• A Call for Help: Hourly Rounding to Reduce Alarm Fatigue

      Birdsong, Amy E.; Gourley, Bridgitte (2019-05)
      BACKGROUND/LOCAL PROBLEM: Frequent call lights and alarm fatigue were identified by nursing staff and leadership as a quality concern on a Heart Vascular Unit in the mid-Atlantic region. Alarm fatigue negatively effects safety and patient and nurse satisfaction. Structured hourly rounds can reduce patient call lights. The purpose of this DNP project was to implement and evaluate the effectiveness of nurse hourly rounding on call light frequency on a 30-bed inpatient Heart Vascular Unit. METHODS: This was a quality improvement project with pre- and post-implementation assessments on alarm fatigue and call light quantity. The nursing staff was measured with a self reporting instrument. Call light quantity was measured through alarm reports. Paper tracking forms audited staff adherence. INTERVENTIONS: Hourly nurse rounding was implemented over 14 weeks. Staff were trained in teaching sessions. Each hour a member of the nursing staff entered the patient’s room and assessed their needs. Rounds were recorded on the tracking forms. RESULTS: The clinical outcomes were number of call lights that occurred in a 24-hour period. There was no significant change between pre- and post-implementation measures. The perceptual outcome was alarm fatigue in bedside nursing staff; improvement was seen in the majority of assessment responses. CONCLUSION: Structured nurse hourly rounding reduced the perceived and measured alarm fatigue among bedside staff. No significant difference was seen in the quantity of call lights. Hourly rounding may reduce alarm fatigue and improve patient and nursing satisfaction.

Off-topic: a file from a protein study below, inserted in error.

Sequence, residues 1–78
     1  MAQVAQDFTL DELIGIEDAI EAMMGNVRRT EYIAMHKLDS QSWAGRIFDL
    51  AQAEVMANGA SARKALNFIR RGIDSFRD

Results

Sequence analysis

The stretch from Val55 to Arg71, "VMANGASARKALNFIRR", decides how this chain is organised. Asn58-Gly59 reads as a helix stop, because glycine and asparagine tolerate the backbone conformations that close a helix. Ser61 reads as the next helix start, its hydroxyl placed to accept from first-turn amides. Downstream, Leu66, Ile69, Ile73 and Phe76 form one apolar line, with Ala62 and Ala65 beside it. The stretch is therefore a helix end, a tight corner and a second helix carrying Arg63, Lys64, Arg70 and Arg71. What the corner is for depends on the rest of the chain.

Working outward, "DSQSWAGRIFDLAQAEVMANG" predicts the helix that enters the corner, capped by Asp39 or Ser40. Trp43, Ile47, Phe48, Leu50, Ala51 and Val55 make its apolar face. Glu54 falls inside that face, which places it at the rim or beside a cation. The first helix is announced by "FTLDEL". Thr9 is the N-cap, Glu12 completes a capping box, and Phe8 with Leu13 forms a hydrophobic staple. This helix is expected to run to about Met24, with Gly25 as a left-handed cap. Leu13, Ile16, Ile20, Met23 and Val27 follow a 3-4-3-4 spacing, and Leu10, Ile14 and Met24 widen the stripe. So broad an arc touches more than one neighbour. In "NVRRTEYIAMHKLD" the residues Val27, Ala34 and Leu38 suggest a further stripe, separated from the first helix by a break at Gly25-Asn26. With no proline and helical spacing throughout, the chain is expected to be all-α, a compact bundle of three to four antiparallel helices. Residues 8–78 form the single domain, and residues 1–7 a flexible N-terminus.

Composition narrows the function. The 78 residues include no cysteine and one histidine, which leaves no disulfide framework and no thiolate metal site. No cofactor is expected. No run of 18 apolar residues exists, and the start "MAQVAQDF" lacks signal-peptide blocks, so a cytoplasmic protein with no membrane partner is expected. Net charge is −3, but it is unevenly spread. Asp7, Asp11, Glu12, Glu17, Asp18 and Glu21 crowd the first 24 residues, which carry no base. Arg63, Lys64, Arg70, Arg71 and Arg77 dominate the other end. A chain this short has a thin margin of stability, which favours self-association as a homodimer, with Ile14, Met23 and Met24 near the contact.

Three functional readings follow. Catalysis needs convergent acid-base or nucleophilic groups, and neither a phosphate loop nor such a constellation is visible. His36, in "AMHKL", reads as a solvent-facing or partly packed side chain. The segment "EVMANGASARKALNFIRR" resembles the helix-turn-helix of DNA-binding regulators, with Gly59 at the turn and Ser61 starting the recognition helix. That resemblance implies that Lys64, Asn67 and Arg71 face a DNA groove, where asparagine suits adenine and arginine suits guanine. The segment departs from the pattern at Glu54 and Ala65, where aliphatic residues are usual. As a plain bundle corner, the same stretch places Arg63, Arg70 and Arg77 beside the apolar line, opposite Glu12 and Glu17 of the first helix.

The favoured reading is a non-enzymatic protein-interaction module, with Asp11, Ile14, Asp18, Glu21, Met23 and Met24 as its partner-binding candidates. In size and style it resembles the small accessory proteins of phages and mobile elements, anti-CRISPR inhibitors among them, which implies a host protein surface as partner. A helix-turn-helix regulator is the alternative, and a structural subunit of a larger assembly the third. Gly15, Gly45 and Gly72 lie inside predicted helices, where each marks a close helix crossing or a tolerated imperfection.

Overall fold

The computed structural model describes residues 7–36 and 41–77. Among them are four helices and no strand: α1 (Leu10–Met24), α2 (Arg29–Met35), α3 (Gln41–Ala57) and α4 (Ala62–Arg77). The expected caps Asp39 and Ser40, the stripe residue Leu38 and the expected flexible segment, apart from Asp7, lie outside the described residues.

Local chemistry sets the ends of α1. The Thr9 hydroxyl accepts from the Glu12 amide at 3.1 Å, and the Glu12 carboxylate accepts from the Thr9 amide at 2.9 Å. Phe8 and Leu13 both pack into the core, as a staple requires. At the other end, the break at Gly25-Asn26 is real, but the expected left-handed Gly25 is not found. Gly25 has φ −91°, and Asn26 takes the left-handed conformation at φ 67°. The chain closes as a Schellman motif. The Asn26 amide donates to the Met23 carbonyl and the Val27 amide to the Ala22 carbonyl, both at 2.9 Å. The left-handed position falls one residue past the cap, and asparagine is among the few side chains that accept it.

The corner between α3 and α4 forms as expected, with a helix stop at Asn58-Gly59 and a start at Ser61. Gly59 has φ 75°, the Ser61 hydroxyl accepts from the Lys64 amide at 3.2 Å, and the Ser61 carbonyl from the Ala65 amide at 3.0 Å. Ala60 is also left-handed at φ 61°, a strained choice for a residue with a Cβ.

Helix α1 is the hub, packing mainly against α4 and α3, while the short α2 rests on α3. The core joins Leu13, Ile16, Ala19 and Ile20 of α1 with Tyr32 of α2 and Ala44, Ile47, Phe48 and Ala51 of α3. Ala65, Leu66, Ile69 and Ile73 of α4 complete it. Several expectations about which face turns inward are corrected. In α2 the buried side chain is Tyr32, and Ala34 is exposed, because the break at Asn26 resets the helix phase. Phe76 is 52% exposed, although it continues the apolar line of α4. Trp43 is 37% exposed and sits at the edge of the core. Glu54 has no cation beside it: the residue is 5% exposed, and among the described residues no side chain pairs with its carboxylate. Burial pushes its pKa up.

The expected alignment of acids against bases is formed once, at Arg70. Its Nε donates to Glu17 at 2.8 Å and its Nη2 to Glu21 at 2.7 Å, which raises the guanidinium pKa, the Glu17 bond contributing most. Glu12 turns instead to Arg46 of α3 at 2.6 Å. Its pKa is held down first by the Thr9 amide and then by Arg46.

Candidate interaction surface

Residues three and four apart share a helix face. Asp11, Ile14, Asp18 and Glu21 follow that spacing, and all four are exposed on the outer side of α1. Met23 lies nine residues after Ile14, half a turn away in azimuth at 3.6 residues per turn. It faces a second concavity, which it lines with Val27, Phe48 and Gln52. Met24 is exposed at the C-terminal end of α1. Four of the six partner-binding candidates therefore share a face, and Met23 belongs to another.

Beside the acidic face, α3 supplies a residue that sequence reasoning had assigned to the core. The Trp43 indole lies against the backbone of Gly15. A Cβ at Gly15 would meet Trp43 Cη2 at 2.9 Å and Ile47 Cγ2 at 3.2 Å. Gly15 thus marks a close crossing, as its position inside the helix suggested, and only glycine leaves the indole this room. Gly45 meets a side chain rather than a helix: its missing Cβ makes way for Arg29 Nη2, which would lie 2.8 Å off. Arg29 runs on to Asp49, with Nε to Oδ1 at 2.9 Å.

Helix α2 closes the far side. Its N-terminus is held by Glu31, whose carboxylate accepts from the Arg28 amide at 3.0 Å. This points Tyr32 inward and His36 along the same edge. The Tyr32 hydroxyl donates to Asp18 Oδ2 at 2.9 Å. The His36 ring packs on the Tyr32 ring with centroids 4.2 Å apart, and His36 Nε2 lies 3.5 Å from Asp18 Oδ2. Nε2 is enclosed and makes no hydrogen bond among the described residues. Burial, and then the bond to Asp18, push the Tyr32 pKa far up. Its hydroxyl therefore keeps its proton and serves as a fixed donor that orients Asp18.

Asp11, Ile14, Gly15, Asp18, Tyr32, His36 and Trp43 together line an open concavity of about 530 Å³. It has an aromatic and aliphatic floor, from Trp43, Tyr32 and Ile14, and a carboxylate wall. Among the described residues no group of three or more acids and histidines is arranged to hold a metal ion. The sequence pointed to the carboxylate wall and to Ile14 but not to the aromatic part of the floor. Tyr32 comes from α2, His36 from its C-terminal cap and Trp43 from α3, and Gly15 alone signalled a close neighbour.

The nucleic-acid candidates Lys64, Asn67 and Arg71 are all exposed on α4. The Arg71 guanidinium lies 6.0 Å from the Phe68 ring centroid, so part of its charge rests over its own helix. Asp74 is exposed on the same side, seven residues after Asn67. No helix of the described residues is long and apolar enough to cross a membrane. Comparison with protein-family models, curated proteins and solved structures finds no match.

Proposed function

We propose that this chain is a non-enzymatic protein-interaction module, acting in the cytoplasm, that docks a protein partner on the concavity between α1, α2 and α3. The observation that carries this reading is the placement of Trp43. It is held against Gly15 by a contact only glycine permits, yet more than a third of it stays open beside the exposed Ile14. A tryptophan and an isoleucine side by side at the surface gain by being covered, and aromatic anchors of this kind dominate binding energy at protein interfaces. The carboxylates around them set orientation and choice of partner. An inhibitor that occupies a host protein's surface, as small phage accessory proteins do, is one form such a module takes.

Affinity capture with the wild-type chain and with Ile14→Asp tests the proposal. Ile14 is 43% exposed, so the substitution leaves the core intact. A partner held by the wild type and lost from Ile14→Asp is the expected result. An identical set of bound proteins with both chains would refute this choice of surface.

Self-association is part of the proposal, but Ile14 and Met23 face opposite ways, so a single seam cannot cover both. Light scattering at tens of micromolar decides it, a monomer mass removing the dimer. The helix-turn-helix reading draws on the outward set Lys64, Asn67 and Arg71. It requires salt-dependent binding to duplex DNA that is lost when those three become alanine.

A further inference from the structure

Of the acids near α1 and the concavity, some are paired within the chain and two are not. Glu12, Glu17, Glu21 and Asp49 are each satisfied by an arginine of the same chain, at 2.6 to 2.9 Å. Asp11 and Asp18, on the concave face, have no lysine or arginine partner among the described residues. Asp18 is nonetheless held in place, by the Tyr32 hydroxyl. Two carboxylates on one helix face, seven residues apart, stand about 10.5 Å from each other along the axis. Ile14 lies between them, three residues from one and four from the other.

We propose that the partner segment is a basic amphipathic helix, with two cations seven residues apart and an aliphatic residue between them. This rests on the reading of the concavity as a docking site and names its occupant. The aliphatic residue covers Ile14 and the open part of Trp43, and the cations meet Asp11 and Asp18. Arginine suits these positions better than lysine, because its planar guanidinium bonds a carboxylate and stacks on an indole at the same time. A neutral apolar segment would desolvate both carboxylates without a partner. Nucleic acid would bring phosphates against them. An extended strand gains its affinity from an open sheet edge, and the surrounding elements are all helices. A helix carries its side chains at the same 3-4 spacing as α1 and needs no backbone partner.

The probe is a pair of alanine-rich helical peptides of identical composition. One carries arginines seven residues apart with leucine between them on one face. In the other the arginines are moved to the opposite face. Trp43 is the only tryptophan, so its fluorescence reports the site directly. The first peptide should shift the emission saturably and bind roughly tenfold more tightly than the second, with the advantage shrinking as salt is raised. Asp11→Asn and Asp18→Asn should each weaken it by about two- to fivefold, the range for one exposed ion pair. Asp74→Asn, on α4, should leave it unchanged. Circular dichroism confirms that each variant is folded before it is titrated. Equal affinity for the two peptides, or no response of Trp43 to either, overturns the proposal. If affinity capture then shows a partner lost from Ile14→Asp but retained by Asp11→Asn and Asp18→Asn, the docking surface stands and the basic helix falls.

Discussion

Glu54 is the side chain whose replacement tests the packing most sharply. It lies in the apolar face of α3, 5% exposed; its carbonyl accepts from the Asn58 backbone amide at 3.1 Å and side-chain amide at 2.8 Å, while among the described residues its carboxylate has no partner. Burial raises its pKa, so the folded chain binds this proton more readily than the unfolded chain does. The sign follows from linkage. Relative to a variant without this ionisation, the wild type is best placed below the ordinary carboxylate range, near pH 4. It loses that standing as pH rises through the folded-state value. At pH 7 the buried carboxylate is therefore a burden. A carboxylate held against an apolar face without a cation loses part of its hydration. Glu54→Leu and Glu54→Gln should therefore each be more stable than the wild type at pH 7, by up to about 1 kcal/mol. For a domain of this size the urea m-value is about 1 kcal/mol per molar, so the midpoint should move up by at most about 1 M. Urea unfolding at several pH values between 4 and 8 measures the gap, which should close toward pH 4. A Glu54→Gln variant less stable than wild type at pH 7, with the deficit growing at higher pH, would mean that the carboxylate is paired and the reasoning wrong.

• Evaluation of Nurses' Competency in the Assessment of Neonatal Abstinence Syndrome

      Harrow, Cheryl (2013)
      Neonatal abstinence syndrome (NAS) is a growing concern with the increased rate of prescription and illicit drug use during pregnancy. Assessment of NAS requires nurses to have knowledge and a complex skill set to provide quality care. The purpose of this quality improvement project was to evaluate the impact of an NAS educational intervention and the use of a systematically approached NAS scoring tool upon the nurses' ability to accurately assess infants with NAS. Nurses at a private community hospital participated in a comprehensive educational intervention guided by a cognitive learning theory to improve their knowledge and skills in the assessment of infants at risk for NAS. The education program focused on the presentation of NAS symptoms and principles of the modified Finnegan NAS scoring tool. The nurses were taught how to use the tool to assess for NAS and the importance of consistent use among staff members. A pretest-posttest method demonstrated a gain in knowledge. There was a statistically significant increase from the pretest (M = 7.71, SD = 1.68) to the posttest scores (M = 9.06, SD = .98), t (33) = 5.68, P < .001. The mean increase from pretest to posttest score was 1.35 with a 95% confidence interval ranging from .868 to 1.838. The eta squared statistic (.49) indicated a large effect size. Four weeks later, a subsample of 12 participants scored videos and scenarios with predetermined NAS scores and were evaluated using an intraclass correlation coefficient which confirmed interrater reliability with a mean of .94 for the first video/scenario and .98 for the second. Comprehensive NAS education and the routine use of the modified Finnegan NAS scoring tool provided registered nurses with knowledge and skills needed to accurately assess infants at risk for NAS.